Country Facts and Folklore
By Andy Reddick
AS IT WAS IN 1857
In the 1850s, Nathan H. Parker of Clinton, Iowa wrote about Iowaís land, resources, and commerce, and included statistics and information about the most important cities and towns within each county, including Van Buren. First released was Iowa As It is in 1855, published by Keen & Lee in Chicago. Iowa As It is in 1857 was a follow-up edition that included updated statistics and new information not found in his earlier work.
Van Burenís important towns were scattered along the river, beginning about a mile below the Wapello County line. Only the descriptions of Keosauqua and Farmington included population. These two villages stood out as the largest and most influential in the county, and both were reported to have around 1,000 residents.
Keosauqua was certainly a thriving community, but this estimate of size is just another example of a writerís enthusiasm. Officially, the town grew from 704 in 1850 to 849 in 1863. Considering that people across the river in Pleasant Hill and South Keosauqua werenít counted in the townís population until after 1893, another 100 citizens probably lived within the vicinity. The town as it existed in 1857 was smaller than Parker reported, and would not reach the coveted plateau of 1,000 citizens for another 36 years!
Parkerís report says that below Bonaparte, Farmington was a town of considerable size, also containing close to 1,000 people according to the latest population records. It operated 2 or 3 grist mills, a sawmill, a foundry and one engine establishment. Available census figures disagree with Parker and reveal that Farmington posted a population of only 725 in 1863. We can contend that many soldiers were away in Civil War battles at the time, and surrounding villages were not included in the tally. 725 was only a count of residents living within the city limits, therefore Parkerís figure was somewhat embellished.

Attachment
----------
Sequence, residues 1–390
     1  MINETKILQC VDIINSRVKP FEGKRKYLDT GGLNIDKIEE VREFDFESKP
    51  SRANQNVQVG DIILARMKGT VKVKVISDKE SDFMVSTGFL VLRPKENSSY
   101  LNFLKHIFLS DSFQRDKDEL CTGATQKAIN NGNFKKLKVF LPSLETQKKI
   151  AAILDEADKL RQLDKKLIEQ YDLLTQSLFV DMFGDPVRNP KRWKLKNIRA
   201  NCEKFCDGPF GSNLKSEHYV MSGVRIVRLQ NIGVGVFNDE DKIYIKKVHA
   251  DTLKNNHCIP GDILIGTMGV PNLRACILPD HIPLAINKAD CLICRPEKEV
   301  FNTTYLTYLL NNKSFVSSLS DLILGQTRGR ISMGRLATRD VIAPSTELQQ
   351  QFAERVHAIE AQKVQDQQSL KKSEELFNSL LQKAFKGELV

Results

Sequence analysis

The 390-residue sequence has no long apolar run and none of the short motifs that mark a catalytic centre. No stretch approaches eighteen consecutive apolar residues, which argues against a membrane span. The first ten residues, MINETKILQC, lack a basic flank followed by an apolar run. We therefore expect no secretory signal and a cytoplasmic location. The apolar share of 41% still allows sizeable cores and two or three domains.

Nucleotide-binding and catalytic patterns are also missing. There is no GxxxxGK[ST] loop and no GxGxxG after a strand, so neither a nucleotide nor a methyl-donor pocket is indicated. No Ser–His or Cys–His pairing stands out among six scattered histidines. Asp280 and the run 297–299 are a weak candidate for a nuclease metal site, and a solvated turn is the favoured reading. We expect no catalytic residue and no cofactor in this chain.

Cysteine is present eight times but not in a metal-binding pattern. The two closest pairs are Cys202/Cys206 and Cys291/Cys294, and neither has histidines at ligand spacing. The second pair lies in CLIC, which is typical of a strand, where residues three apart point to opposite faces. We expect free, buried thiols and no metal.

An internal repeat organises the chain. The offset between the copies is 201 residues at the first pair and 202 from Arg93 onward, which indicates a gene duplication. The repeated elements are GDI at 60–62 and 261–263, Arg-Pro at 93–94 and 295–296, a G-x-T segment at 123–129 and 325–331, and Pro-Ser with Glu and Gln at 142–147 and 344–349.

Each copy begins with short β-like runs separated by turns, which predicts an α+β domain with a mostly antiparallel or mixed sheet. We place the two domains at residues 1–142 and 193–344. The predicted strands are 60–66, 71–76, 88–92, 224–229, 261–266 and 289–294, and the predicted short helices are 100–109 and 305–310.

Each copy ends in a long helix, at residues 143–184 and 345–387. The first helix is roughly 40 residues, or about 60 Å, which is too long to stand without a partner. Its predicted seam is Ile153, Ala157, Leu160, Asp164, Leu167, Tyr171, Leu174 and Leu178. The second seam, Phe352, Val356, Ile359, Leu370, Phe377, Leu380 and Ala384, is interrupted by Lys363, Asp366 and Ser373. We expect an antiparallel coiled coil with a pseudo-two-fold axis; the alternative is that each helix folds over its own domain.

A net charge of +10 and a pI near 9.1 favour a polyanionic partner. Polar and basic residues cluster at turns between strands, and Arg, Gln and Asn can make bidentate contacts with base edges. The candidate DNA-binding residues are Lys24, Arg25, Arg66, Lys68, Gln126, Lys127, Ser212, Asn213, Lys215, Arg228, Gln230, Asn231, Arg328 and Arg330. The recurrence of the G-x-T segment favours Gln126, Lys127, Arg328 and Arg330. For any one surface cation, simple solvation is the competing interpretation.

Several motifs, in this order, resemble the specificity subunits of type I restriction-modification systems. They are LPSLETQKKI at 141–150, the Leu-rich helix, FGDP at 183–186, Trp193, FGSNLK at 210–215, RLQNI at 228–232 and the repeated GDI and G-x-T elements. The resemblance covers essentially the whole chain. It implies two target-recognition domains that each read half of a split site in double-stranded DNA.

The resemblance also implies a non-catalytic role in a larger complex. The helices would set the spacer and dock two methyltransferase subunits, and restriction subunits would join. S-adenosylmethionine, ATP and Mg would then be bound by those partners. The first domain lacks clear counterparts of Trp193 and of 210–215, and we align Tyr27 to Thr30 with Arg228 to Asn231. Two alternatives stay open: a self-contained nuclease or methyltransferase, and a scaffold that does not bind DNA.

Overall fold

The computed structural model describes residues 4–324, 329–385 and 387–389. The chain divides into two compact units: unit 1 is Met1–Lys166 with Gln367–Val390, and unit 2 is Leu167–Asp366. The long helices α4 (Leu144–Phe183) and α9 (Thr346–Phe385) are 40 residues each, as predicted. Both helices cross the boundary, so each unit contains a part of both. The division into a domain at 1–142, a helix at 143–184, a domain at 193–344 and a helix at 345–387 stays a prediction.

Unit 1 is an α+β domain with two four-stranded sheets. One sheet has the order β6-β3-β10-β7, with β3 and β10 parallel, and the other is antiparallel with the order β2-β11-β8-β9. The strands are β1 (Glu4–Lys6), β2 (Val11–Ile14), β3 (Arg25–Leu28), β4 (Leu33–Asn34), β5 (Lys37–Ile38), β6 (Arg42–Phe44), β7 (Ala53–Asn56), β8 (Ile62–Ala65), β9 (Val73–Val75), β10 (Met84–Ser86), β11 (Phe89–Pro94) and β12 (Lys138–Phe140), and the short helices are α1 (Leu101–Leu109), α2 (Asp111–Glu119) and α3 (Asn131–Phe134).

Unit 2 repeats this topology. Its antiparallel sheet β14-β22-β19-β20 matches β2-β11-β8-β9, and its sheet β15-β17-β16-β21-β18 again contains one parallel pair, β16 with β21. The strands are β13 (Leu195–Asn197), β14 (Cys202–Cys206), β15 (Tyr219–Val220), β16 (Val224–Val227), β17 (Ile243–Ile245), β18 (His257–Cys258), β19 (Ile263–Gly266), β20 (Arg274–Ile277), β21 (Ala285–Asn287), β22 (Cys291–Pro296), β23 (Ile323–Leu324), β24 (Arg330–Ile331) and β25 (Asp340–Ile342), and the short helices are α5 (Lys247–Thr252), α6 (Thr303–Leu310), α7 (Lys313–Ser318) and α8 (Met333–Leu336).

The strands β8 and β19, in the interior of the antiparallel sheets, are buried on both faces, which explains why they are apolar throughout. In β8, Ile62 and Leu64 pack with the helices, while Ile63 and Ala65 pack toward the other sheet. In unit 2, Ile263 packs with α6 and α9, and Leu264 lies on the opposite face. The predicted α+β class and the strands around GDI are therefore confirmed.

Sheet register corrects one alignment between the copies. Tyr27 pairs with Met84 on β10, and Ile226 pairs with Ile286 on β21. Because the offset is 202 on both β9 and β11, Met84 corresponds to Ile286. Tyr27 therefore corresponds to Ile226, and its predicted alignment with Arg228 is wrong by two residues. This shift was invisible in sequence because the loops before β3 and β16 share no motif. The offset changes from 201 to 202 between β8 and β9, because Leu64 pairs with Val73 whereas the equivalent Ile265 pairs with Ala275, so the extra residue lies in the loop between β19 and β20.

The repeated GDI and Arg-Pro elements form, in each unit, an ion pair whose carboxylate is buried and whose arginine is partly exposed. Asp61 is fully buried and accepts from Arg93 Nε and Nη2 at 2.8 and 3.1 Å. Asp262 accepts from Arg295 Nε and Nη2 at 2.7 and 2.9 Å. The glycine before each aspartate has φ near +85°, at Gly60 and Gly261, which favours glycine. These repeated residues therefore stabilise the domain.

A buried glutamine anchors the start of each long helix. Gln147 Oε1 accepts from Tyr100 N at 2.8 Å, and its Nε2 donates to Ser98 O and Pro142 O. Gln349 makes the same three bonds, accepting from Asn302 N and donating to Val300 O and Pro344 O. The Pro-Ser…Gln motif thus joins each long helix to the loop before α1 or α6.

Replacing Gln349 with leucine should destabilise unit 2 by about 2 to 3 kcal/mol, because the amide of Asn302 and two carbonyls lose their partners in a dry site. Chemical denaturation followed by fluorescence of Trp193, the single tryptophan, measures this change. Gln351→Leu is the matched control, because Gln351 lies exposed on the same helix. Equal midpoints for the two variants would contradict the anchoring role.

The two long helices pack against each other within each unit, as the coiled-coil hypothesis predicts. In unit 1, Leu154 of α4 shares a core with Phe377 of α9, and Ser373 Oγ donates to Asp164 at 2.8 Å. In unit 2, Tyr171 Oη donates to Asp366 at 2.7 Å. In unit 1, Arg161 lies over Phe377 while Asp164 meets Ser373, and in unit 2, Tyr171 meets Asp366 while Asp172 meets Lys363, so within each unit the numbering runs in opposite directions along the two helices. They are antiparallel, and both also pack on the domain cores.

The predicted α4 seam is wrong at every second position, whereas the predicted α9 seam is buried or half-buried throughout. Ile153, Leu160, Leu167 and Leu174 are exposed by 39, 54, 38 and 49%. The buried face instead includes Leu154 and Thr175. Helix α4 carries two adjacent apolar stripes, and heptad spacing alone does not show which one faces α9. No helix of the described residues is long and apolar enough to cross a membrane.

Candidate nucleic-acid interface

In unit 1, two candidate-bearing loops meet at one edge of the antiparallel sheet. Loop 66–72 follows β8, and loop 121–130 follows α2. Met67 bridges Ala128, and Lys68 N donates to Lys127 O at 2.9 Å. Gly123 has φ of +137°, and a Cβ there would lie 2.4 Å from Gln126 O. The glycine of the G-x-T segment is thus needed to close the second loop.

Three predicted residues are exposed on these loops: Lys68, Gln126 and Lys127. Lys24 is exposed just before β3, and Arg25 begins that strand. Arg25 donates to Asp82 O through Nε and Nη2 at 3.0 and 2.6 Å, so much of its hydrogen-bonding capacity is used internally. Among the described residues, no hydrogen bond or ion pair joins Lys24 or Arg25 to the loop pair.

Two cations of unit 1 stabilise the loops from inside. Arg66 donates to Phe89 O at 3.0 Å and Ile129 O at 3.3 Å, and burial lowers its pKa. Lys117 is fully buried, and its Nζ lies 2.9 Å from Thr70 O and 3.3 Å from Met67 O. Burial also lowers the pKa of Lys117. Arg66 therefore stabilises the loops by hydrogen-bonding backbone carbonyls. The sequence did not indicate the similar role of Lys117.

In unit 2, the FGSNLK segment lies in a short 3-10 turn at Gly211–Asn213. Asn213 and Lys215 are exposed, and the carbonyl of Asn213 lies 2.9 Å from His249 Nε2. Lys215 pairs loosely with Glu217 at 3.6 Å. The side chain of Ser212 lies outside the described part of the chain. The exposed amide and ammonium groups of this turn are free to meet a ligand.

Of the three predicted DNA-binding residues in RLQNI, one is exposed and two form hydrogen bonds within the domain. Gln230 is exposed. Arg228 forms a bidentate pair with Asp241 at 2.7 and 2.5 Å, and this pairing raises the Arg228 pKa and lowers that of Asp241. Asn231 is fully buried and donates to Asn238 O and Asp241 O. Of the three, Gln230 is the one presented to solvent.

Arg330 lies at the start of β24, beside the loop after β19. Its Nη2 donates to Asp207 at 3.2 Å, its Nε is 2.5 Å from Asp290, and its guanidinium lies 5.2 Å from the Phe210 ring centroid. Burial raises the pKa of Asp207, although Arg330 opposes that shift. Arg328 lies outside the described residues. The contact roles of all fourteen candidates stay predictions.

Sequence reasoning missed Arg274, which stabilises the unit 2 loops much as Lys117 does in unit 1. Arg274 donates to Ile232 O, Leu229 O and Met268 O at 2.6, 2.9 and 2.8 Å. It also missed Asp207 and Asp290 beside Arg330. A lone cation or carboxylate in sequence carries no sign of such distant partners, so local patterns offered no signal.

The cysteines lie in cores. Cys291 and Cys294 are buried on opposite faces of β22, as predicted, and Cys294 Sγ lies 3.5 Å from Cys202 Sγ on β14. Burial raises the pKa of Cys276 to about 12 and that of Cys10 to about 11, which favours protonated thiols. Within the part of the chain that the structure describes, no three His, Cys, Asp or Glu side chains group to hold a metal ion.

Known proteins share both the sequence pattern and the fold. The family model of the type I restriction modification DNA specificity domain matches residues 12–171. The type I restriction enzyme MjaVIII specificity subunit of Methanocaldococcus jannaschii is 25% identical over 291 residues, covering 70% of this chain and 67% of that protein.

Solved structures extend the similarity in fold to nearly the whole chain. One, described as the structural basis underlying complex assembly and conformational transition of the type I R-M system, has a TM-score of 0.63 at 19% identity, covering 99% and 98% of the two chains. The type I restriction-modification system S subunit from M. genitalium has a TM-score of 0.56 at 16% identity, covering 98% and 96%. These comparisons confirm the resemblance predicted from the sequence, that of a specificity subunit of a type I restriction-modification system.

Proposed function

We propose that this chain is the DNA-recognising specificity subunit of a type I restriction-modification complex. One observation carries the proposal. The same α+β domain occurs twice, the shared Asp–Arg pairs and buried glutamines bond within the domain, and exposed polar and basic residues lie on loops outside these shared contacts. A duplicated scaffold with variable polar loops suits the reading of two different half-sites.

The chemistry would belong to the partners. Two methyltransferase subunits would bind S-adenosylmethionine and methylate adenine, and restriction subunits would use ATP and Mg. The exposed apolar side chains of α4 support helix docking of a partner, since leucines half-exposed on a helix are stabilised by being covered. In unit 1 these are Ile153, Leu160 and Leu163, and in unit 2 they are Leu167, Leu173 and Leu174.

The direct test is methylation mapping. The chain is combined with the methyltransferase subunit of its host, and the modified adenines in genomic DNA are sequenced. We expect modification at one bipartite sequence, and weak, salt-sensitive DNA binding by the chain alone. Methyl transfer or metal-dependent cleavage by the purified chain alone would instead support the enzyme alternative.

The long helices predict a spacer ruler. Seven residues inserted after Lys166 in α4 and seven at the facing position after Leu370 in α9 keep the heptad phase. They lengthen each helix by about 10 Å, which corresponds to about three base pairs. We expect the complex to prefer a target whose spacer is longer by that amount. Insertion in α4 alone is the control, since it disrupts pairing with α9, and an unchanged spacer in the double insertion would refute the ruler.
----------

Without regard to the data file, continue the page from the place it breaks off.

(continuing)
North Farmington had already been absorbed by Farmington, but the communities of East Farmington platted in 1849, nearby Plymouth next to North Farmington, and Watertown across the river, all contained some population. A total count of people in all of the villages may have exceeded 800 in 1857, but Farmington itself was not that large.
Iowaville operated two mills and a distillery, and at this time Pittsburg had a steam mill in progress. Combined as one community in Parkerís report, Bentonsport and Vernon had two good flouring mills, two sawmills, two carding machines, a woolen factory, a lath mill and a paper mill. Further downstream was Bonaparte, described as a flourishing town that contained a flouring mill, two sawmills and a brick woolen factory.
For decades, Bentonsport claimed a large population of 1,000 or 1,500 people in the year 1857, while across the river Vernon could count 300. But Bentonsport was not one of the Van Buren towns in Parkerís 1857 report said to be nearing the 1,000 mark. If either village population (separately, or combined) had even remotely resembled or approached the glamorous figures assigned to them, Nathan Parker would have clearly reflected this point. Steamboats frequently landed at this location and both were commercial centers, but the rival towns only contained a few hundred citizens at best. As of 1857, neither had resembled Keosauqua or Farmington in importance and/or size. Although Parkerís report did not bother to include an estimate of Bentonsportís residents, the description distinctly places the town as being somewhere in size and importance between Bonaparte or Iowaville, and the larger hubs of Farmington and Keosauqua.
Parkerís failure to include a population figure for Bentonsport at this time thwarts the legendary claims, and emphasizes with a comforting validity that habitation reports during the townís zenith have often and repeatedly been exaggerated
Contributed to the Van Buren Co. IAGenWeb Project by Andy Reddick